To ask Her Majesty's Government what assessment they have made of the figures published by the Association of Directors of Children’s Services on 23 November 2020 which show that 19,510 children have been removed from school registers since the start of the 2020/21 academic year; what steps they are taking to identify those children; and what assessment they have made of whether those children are (1) being educated from home, and (2) at risk of abuse.
8 June 2021
We support the right of parents to educate their children at home – most will educate their children well, sometimes in challenging circumstances. However, we cannot overlook the rising numbers of home-educated children. For some, home education can mean that children are not provided a suitable education or that they are invisible to the services and professionals there to keep them safe and supported.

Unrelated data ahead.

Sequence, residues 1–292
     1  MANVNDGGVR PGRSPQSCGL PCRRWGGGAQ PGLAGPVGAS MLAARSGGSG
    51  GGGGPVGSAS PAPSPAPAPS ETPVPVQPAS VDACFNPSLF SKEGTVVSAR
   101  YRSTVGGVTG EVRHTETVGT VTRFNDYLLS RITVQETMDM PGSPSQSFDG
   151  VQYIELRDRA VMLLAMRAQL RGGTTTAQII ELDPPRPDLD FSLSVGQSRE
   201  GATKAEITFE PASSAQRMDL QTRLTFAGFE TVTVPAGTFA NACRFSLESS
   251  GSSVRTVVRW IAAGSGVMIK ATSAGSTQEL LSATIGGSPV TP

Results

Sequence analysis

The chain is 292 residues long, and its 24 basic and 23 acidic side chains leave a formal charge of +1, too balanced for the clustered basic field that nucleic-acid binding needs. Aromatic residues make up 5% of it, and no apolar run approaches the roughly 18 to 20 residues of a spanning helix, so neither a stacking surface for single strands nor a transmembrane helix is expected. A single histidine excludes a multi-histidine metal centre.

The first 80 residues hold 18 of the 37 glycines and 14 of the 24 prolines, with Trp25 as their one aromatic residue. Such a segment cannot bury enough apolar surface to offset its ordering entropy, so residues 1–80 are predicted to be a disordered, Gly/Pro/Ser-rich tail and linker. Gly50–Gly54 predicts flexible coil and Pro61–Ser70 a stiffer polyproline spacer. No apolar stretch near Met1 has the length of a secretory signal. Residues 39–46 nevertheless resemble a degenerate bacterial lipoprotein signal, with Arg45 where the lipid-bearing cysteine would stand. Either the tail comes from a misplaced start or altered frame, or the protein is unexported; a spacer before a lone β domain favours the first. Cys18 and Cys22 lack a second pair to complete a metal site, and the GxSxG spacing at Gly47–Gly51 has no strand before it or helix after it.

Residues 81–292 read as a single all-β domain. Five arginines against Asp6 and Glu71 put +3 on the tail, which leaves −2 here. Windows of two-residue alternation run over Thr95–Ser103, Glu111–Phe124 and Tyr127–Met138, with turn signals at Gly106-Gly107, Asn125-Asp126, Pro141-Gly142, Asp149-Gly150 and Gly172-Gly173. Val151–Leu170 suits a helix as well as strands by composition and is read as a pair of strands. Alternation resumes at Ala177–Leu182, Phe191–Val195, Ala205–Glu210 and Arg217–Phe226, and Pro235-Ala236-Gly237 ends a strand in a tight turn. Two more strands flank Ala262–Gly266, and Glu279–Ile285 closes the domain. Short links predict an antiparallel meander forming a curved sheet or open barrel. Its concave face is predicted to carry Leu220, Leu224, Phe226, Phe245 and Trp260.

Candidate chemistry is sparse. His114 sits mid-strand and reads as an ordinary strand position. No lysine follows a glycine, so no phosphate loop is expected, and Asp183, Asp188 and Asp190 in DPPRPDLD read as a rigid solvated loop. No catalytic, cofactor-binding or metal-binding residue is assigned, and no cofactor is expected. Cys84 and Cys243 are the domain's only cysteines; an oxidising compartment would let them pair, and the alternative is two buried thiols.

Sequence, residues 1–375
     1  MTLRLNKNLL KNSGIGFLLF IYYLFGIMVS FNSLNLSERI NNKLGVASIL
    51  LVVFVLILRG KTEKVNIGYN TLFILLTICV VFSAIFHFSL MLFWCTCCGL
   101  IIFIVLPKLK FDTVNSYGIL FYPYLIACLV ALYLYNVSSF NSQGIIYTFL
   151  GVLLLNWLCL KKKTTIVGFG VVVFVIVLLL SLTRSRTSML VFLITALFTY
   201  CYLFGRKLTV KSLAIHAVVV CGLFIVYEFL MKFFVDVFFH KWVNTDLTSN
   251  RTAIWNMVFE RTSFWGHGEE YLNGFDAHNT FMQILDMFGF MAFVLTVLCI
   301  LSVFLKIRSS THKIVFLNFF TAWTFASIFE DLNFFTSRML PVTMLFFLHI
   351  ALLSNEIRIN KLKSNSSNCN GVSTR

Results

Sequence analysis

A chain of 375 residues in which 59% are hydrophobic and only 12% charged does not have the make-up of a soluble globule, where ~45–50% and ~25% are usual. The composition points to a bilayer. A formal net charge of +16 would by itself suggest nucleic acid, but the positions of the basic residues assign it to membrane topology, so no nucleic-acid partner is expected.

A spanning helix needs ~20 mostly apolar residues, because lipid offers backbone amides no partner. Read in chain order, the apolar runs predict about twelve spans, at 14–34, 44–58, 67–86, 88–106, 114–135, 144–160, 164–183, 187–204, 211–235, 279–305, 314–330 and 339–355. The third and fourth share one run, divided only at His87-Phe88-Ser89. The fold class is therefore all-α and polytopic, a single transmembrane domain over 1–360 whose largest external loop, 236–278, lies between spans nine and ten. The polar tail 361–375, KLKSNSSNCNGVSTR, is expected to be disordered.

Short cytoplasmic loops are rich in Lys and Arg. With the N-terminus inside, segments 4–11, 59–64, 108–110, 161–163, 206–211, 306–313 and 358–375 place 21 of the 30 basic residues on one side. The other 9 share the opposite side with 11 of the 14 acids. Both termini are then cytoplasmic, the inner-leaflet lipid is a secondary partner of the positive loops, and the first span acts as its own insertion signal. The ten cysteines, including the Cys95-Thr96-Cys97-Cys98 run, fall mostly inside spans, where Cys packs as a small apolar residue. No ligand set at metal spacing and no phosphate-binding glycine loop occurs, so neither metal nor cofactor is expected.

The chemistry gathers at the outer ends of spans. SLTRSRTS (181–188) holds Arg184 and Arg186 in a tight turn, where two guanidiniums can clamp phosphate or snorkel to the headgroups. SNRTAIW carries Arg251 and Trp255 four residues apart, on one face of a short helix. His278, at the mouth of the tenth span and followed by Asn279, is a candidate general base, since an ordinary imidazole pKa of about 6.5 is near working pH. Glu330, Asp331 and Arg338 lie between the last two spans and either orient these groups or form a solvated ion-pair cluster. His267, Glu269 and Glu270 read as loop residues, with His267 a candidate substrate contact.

The safeguarding of children who are electively home educated sits within a local authorities’ safeguarding duties set out in the Children Act 1989. A failure to provide suitable home education could constitute a safeguarding risk, because unsuitable or inadequate education can also impair a child’s intellectual, emotional, social, or behavioural development.
The government has substantially strengthened its guidance to local authorities on exercising their powers in relation to elective home education. The revised guidance, which was published in April 2019, sets out the steps that local authorities should take to satisfy themselves that the education provided by parents at home is suitable, and the actions that they can take if they are not satisfied. This guidance will be reviewed again in due course.
We remain committed to a registration system for children who are not in school. Further details on a proposed registration system will be in the government response to the Children Not in School consultation, which we intend to publish in due course.